St Runius

All posts tagged St Runius

A small group of religious stones which are about half a mile from Marown Old Church (St Runius). They date from 400 to 700 A.D. and bear the sign of the Cross. It is a typical memorial cairn of the Irish type.

The stone setting usually marks a shrine at the burial place of an early Christian saint and no doubt became a preaching place and penitential station.

More popular tradition states that it was from this spot that St. Patrick preached and consequently any person who sits in the ‘chair’ and rests his back against the incised Cross will never feel fatigue.

Feel free to make any comments either on this website by clicking the ‘Leave a Comment’ text in this post above or by logging onto my Facebook Page enjoy – Click on the image for a larger view.

St Patricks Chair © Peter Killey - www.manxscenes.com

St Patricks Chair © Peter Killey - www.manxscenes.com

Share

Marown Parish is dedicated to St Runius or Ronan (Ma-Ronan) and is the only landlocked parish on the Island. It is thought that originally Marown and Santan were a single parish but the division had occurred by the 14th Century.

Once this was the Parish church and was situated in about the centre of the Parish. The original building was from approximately 1200 AD and was enlarged in 1754 AD (see below image of slate cross above West doorway and inscribed with 1754) by extending the church westwards by about 5m. The original part of the church can still be seen in the eastern half. The original door was in the south wall (behind the now Altar) although blocked off it can still be traced in the outside stonework.

A new door has much earlier moulded door jamb-stones which, according to records in 1778, were retrieved from St. Trinians. At about the same time the stone steps up to the Western gallery were added to house musicians etc.  The door below the gallery entrance has huge flanking stones from a much earlier site.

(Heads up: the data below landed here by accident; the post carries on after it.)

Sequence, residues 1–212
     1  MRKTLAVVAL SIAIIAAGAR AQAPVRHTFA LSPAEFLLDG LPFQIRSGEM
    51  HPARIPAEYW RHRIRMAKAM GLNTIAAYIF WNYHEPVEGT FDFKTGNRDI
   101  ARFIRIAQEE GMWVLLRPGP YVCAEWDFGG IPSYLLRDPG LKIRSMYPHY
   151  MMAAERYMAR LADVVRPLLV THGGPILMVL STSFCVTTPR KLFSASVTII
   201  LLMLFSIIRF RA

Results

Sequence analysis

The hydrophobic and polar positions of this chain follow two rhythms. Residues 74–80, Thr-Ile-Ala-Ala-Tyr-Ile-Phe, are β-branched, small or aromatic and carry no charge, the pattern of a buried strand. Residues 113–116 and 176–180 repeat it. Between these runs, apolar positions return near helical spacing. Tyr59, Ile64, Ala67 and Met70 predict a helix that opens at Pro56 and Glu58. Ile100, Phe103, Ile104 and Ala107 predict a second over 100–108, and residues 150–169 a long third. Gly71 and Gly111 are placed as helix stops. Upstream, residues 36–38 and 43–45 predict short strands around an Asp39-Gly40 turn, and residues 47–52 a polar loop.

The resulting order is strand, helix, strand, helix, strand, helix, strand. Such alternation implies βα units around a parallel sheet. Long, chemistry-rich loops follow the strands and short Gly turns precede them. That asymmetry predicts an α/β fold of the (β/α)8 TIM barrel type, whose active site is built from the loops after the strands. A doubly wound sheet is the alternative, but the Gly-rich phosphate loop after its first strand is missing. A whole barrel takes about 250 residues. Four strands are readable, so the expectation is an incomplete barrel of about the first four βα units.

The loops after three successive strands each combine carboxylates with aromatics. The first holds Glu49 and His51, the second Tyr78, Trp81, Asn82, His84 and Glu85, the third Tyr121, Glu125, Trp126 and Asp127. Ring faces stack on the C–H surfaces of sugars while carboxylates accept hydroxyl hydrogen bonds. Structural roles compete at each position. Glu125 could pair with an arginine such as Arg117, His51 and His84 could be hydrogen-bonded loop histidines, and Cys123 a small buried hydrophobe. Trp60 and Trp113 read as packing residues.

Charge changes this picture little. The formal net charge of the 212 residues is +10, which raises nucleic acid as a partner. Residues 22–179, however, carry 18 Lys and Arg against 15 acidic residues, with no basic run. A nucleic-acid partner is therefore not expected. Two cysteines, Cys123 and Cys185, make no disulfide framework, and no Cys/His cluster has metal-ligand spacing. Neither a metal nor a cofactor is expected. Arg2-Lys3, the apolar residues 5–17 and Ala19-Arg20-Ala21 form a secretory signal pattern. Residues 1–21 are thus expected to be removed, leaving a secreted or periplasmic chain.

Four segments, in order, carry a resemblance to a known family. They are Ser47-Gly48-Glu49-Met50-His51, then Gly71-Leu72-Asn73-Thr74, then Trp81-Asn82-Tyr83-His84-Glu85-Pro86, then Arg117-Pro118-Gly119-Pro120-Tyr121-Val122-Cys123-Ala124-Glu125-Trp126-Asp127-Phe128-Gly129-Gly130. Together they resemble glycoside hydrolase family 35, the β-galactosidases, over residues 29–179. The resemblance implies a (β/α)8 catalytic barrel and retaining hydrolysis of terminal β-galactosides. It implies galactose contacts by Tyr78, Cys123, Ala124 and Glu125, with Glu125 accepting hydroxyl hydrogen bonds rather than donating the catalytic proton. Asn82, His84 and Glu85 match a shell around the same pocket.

When the new church on the Main Douglas to Peel road was built in 1860 the old church of St. Runius was used as a mortuary chapel.

The building was restored by volunteer labour and reopened on August 9th 1959. Services are now held during the summer and for all major festivals.

As can be seen by the images there is no mains electricity and this quaint church relies on candle light.

Three bishops are possibly buried here; Lonnan, Connaghan, and Runius.

Feel free to make any comments either on this website by clicking the “Write comment” below or by logging onto my Facebook Page enjoy – Click on any of the images for a larger view.

St Runius Church Marown © Peter Killey - www.manxscenes.comSt Runius Church Marown © Peter Killey - www.manxscenes.com St Runius Church Marown © Peter Killey - www.manxscenes.comSt Runius Church Marown © Peter Killey - www.manxscenes.comSt Runius Church Marown © Peter Killey - www.manxscenes.com St Runius Church Marown © Peter Killey - www.manxscenes.com

 

Share

A small group of religious stones which are about half a mile from Marown Old Church (St Runius). They date from 400 to 700 A.D. and bear the sign of the Cross. It is a typical leacht of the Irish type.  The stone setting usually marks a shrine at the burial place of an early Christian saint and no doubt became a preaching place and penitential station.  More popular tradition states that it was from this spot that St. Patrick preached and consequently any person who sits in the ‘chair’ and rests his back against the incised Cross will never feel fatique.

Feel free to make any comments either on this website by clicking the “Write comment” below or by logging onto my Facebook Page enjoy – Click on any of the images for a larger view.

St Patricks Chair Marown © Peter Killey - www.manxscenes.com

St Patricks Chair Marown © Peter Killey - www.manxscenes.com

Share